AstraZeneca’s Imfinzi misses target in Phase III head and neck cancer trial

pharmafile | February 5, 2021 | News story | Medical Communications AstraZeneca, Cancer 

AstraZeneca’s Imfinzi (durvalumab) has failed to improve overall survival (OS) for patients with recurrent or metastatic head and neck cancer in its Phase III trial.

The KESTREL Phase III trial for the drug did not meet the primary endpoint of improving OS versus the EXTREME treatment regimen (chemotherapy plus cetuximab), a standard of care, in the first-line treatment of patients with recurrent or metastatic head and neck squamous cell carcinoma whose tumours expressed high levels of PD-L1.

Additionally, survival rates did not improve using a combination of Imfinzi plus tremelimumab in ‘all-comer’ patients, a secondary endpoint.

The trial was conducted in more than 200 centres across 23 countries, including centres in the US, Europe, South America, and Asia. The safety and tolerability profiles for the treatment as a monotherapy and in combination with tremelimumab were consistent with previous trials, and the company says the data will be shared in due course.

Imfinzi is approved in the curative-intent setting of unresectable, stage III non-small cell lung cancer (NSCLC) after chemoradiation therapy in the EU, US, Japan, China, and many other countries, based on the PACIFIC Phase III trial. It is also approved in the EU, US, Japan, and other countries for the treatment of extensive-stage small cell lung cancer (SCLC) based on the CASPIAN Phase III trial. In addition, the drug has received approval for previously treated patients with advanced bladder cancer in the US and several other countries.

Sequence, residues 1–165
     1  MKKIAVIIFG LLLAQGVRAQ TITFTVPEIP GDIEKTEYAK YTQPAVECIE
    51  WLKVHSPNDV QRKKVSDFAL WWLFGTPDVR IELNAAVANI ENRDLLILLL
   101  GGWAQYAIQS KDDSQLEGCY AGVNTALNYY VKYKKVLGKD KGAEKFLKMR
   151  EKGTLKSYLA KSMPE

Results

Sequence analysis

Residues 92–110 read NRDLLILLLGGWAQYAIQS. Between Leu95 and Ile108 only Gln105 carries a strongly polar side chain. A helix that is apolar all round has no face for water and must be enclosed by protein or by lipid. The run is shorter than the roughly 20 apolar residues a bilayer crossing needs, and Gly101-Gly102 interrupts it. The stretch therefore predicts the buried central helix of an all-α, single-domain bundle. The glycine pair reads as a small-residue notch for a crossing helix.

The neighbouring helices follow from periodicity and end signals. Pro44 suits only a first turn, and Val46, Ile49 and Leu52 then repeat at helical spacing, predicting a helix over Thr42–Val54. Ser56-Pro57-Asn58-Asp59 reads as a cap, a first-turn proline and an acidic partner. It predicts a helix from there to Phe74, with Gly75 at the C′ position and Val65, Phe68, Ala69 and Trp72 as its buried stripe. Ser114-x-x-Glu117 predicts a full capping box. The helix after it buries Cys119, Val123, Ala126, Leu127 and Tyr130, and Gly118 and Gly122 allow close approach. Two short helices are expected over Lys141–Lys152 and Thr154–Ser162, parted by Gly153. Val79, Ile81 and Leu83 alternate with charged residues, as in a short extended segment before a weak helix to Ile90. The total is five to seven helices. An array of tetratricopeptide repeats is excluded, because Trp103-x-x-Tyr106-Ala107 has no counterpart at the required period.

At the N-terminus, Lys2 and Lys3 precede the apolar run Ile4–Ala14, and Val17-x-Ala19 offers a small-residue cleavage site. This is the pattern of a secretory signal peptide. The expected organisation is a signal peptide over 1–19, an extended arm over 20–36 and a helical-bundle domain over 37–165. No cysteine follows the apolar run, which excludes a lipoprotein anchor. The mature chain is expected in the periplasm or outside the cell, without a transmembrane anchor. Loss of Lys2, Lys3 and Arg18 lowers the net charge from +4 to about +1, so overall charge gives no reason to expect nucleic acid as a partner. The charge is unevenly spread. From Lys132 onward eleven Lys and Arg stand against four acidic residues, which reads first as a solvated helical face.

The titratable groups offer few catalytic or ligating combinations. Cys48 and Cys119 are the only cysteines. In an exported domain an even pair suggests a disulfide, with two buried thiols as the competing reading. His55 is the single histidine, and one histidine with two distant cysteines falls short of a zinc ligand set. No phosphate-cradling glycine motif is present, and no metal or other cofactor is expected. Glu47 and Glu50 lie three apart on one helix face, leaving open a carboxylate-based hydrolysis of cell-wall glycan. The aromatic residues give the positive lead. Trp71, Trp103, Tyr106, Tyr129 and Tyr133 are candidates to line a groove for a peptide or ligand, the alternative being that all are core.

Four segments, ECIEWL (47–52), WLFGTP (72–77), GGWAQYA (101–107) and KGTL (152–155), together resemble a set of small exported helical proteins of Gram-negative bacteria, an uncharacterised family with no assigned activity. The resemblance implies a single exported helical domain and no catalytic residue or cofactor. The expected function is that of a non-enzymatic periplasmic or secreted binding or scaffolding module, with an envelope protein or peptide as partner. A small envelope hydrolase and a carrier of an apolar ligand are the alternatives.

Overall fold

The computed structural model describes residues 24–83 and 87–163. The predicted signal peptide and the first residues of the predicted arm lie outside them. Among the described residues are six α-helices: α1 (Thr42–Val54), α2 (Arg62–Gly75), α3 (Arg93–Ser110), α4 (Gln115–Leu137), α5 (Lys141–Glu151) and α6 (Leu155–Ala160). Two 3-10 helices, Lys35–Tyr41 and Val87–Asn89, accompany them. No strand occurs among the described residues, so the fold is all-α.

Dave Fredrickson, Executive Vice President of AstraZeneca’s Oncology Business Unit, said: “Metastatic head and neck cancer is a complex and challenging disease with a poor prognosis. While we are disappointed by these results, insights from the KESTREL Phase III trial will advance our understanding and application of immunotherapy across our clinical development programme.

“We will continue to build on the established benefits of Imfinzi in early lung cancer and small cell lung cancer, to bring immunotherapy treatment options to all patients who may benefit.”

As part of a broad development programme, Imfinzi is being tested as a monotherapy and in combination with other anti-cancer treatments for patients with NSCLC, SCLC, bladder cancer, hepatocellular carcinoma, biliary tract cancer, oesophageal cancer, gastric and gastroesophageal cancer, cervical cancer, ovarian cancer, endometrial cancer, and other solid tumours. 

Darcy Jimenez

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